Seriously, how can they hate such a job?
    If I covered gaming, I'd be upfront about my limitations but that wouldn"t distract me from giving a fair opinion pro and con of a game.

    Better yet, expressing some frustration about the game mechanics and then trying to understand them would prompt gamers and developers to talk about gaming. And that would be a nice way to report about gaming as both a business and a subset of civil society (aka Chesterton's tiny platoons).
    Just a profound lack of imagination and connecting the micro with the macro with gaming and society.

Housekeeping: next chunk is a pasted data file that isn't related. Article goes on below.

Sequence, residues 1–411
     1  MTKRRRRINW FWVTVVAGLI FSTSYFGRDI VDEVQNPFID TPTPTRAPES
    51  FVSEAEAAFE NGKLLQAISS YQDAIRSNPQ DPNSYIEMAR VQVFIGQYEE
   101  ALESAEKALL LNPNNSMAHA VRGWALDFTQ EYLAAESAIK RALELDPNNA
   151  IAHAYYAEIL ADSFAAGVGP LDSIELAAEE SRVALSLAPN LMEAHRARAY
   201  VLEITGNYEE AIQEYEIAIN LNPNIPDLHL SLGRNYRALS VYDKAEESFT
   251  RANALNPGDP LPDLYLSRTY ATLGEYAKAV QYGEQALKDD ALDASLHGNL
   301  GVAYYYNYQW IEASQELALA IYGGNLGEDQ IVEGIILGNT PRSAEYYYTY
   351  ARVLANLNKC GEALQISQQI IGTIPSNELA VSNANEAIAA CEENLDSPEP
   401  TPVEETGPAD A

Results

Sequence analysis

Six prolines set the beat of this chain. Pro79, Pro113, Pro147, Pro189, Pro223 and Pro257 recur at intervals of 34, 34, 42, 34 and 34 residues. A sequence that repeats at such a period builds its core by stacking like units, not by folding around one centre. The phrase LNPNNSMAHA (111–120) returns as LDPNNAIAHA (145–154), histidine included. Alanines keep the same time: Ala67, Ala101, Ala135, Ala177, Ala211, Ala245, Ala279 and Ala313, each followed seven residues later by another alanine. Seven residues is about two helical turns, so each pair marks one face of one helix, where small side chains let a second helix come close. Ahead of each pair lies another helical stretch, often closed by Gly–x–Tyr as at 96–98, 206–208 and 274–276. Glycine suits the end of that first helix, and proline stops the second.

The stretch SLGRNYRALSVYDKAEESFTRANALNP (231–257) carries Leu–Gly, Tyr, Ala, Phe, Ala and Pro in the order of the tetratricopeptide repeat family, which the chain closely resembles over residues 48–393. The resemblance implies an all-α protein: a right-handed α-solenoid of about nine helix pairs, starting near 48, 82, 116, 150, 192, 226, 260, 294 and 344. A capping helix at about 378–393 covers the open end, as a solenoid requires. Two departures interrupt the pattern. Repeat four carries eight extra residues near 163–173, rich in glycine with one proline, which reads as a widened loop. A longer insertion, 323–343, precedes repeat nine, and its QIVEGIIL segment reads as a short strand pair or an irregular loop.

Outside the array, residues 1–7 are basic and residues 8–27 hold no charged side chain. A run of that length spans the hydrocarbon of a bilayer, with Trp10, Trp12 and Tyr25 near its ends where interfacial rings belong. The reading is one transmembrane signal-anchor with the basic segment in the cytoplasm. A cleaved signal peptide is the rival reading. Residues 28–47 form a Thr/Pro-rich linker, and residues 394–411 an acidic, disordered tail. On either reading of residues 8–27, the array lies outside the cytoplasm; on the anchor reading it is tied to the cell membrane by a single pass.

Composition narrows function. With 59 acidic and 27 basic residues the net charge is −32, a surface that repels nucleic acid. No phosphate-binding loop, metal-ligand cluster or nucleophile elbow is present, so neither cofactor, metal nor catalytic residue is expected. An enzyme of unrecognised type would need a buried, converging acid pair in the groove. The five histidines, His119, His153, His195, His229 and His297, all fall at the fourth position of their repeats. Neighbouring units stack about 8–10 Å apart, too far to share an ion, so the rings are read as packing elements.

xavier

    ReplyDelete
  2. Ugh, John Walker. Pretty much the poster child for game journalists who suck at playing games. IIRC, he's occasionally panned games for being too hard for him even though they're actually not particularly challenging. He is a fan of point-and-click adventure games, although I dislike how he smugly subscribes to the anti-Sierra/Infocom dogma that's become popular since the late 90s. I suppose disliking death as a gameplay feature would fit in with his anti-challenge position...

    ReplyDelete